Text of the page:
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Villainy of Innocence
|by BS Murthy|
“Wonder how social mores affect the course of life,” he had resumed his discourse at length; “Won’t the American way of life that lets the teens to be on their own, serve as an example?
While the economy is structured for their economic independence, the society is not shaped to cope up with their youthful distractions that hamper their academic progress. That’s why the U.S has been perennially short of professionals and so looks eastwards to make up for the shortfall; but what if Parkinson’s theory about the alternate ascendancy of the East and the West comes true? What charms the sheen-less new world could hold then to the youth of the old world for their immigration?
Maybe then as a Confucius and an Aryabhata gave way to a Socrates and a Plato in times of yore, the Newtons and the Edisons of our times might give way to some Mengs and Mathurs in the eras to come. But for that to happen, maybe it’s an idea that we have a five year teenage study break for the adolescents to grapple with their youth before they could pursue their studies without distraction, and I can tell you, then the toppers would not be the bookworms. But on the flip side, the U.S practice frees parents from the burden of their children’s upbringing allowing them in time to wine and dine; but the Asian penchant for supporting their progeny to the hilt puts paid to the recreational activities of the parents. A via media like requiring the children to work part-time to part-finance their higher studies may be an ideal model for the world at large but man either remains slavish to his habitual ways or disowns them altogether; seldom has he updated them in tune with the changing times.”
“Why didn’t the hippies of the last sixties give a jolt the cultures of the time?”
“Cultures my foot,” he scowled. “At their core all cultures are cultureless and our age-old one bears witness to it. If someone were to breathe his last at home, it’s deemed inauspicious to live in there, at least for a year; and what was the norm to avert such a thing from ever happening? The dying was laid by the roadside for him to seek his salvation unmindful of the humiliation, and if the sick were to show signs of recovery, they were taken in only to be dragged out at the slightest hint of a relapse. What can be worse for any to be abandoned by the very family by which he or she might have sworn all life; but the dying were unmindful of the ill-treatment for they were conditioned by the culture into believing it was better that way for their loved ones. Well, it’s the altered lifestyle that forced us to abandon that abominable practice but still wasn’t Goebbels justified in saying that he would reach for the gun whenever he heard the word culture.”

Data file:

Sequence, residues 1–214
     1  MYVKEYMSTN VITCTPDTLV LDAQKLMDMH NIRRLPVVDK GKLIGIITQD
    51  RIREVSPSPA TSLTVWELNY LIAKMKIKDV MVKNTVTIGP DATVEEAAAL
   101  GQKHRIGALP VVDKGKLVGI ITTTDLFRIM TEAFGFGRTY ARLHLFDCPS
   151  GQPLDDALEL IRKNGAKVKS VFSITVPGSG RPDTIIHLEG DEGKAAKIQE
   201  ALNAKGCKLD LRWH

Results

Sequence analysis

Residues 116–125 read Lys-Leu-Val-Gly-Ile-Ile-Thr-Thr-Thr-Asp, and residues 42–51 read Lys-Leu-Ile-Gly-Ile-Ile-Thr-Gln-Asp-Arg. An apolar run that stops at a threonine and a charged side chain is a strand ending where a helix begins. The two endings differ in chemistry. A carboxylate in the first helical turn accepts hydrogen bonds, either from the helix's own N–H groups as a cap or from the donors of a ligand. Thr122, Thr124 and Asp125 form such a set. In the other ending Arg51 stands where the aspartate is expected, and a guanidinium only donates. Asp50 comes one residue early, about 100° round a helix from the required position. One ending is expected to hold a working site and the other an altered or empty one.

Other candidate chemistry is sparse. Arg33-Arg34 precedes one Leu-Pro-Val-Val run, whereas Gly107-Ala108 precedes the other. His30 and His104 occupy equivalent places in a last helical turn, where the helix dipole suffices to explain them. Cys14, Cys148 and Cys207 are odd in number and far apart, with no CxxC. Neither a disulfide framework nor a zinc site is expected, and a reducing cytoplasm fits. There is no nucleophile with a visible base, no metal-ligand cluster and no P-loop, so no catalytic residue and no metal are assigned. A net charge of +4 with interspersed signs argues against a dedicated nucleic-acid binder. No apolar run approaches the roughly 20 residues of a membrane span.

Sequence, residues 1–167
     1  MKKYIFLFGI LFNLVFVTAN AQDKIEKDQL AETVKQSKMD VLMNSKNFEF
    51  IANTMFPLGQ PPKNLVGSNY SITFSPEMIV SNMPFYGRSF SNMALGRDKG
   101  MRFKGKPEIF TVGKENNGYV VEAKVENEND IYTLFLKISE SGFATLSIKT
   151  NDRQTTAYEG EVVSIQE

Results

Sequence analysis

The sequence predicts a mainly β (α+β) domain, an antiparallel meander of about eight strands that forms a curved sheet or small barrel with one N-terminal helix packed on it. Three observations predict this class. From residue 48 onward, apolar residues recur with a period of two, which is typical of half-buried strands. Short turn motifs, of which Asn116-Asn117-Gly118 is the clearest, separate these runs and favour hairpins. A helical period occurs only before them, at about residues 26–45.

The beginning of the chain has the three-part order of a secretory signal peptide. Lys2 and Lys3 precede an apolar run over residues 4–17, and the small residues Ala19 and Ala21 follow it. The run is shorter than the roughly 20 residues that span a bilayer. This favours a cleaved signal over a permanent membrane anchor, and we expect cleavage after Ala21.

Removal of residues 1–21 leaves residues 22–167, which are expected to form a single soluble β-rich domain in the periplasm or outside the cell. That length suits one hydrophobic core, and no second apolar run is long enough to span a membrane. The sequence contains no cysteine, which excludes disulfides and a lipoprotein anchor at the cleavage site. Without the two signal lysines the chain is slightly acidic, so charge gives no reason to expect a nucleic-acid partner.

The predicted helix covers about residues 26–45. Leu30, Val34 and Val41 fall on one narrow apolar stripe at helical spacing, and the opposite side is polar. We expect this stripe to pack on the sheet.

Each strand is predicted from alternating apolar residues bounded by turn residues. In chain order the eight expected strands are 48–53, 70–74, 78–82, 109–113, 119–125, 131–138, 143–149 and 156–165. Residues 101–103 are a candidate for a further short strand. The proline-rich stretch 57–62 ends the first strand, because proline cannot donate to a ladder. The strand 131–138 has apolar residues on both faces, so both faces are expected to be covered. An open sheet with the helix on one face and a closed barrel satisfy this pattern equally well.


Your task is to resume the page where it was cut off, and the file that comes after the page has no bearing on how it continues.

“It’s a case of switching over from one defective gear to another,” he said. “Why life is bound to be imperfect in any conceivable social arrangement but the peril lies in abandoning what is natural to the upbringing. It’s sad to see urban parents putting the fear of a cat or a mouse into their kids’ impressionable heads in our land named after Bharat, who as toddler, touted to have tamed lions in their dens. But in our days there was no escaping from scorpions, so children were taught how to handle them; and caught by us unawares, even as they tried to escape, we used to shout kodi, kodi and wonder why they staid put at that. Well, the rest was child’s play with a chappal found nearby; but then, whoever escaped a scorpion sting or two in any village, one fell straight on my thigh from the high ceiling when I was fast asleep, and what a hell it was with my fingers swollen like cucumbers. But how many of them I had battered to death later I lost count, and there is no way I can comprehend if it was out of vengeance. Whatever, it’s also a common knowledge to the village kids that leeches were better dealt with by salt water; how we used to play with their lives with fistfuls of salt smuggled out of the kitchens; wonder why we didn’t suffer any qualms seeing them disintegrate to death. Maybe because we were hateful of them, or was it a case of villainy of innocence, I would never know, but my playful hurting of a green hopper was on a different footing altogether; while it was seized by pangs of death, I put some sugar on it like our elders did when we hurt ourselves. But then I was too tender to know about life and death and all that I was capable of experiencing were the emotions of pleasures and pains.”
“That may remain in the realms of mystery but how are we to explain man’s propensity to self-destruct,” he said. “Really it’s not the hurt that others cause to us that counts, but our response to it that matters; if a positive outlook helps us gloss over the mishaps of life, the negative feelings harm our psyche to hurt our lives. We have had a botany lecturer for a neighbor, who nurtured a grand garden in his backyard, and as Chandu and I helped him tend his crotons, coleuses and others, he encouraged us to nurse our own little gardens. What a joy it was to have a garden of my own; so to say, every morning, still in half-sleep, I used to rush to the stretch of green in the side yard. Oh, how the sight of the blooming buds and the sprouting leaves used to thrill me; why, of all the joys of life, espying the garden that you nurse has no parallel to it. Maybe the nearest I can think of is the fun of flicking fruits and eating them sitting on the tree branches.”
To be Continued
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